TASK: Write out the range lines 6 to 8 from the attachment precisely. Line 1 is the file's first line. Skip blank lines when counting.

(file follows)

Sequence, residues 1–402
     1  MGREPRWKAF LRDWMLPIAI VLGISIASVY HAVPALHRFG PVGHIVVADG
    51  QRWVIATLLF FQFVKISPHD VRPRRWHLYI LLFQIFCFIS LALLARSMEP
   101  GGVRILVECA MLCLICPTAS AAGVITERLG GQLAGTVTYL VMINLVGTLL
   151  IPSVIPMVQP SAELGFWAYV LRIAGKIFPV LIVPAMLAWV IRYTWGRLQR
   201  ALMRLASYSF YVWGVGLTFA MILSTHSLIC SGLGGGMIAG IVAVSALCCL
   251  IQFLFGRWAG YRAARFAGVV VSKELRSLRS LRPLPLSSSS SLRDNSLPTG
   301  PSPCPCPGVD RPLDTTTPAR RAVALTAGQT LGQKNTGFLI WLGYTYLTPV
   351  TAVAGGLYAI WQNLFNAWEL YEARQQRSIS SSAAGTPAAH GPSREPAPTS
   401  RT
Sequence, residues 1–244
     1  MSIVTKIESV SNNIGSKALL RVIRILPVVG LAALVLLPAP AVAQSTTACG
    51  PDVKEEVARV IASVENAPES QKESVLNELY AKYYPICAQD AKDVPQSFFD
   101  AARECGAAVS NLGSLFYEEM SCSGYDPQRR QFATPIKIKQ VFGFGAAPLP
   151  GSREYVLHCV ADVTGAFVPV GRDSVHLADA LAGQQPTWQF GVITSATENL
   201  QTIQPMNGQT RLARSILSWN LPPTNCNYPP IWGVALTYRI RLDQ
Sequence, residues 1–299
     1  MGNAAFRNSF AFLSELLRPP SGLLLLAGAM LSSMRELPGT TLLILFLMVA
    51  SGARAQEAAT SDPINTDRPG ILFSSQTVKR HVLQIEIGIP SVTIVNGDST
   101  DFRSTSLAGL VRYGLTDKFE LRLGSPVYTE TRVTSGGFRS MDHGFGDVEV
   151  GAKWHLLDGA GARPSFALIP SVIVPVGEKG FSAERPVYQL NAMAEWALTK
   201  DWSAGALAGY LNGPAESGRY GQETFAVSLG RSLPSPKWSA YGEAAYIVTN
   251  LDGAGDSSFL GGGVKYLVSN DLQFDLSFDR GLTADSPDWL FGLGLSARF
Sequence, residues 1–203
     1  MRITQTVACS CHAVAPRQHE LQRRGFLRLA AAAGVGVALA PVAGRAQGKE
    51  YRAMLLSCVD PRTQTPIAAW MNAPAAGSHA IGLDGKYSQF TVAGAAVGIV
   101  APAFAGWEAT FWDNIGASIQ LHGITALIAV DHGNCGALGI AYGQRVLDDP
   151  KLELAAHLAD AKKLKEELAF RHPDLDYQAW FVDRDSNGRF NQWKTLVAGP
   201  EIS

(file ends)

   201  ALMRLASYSF YVWGVGLTFA MILSTHSLIC SGLGGGMIAG IVAVSALCCL
   251  IQFLFGRWAG YRAARFAGVV VSKELRSLRS LRPLPLSSSS SLRDNSLPTG
   301  PSPCPCPGVD RPLDTTTPAR RAVALTAGQT LGQKNTGFLI WLGYTYLTPV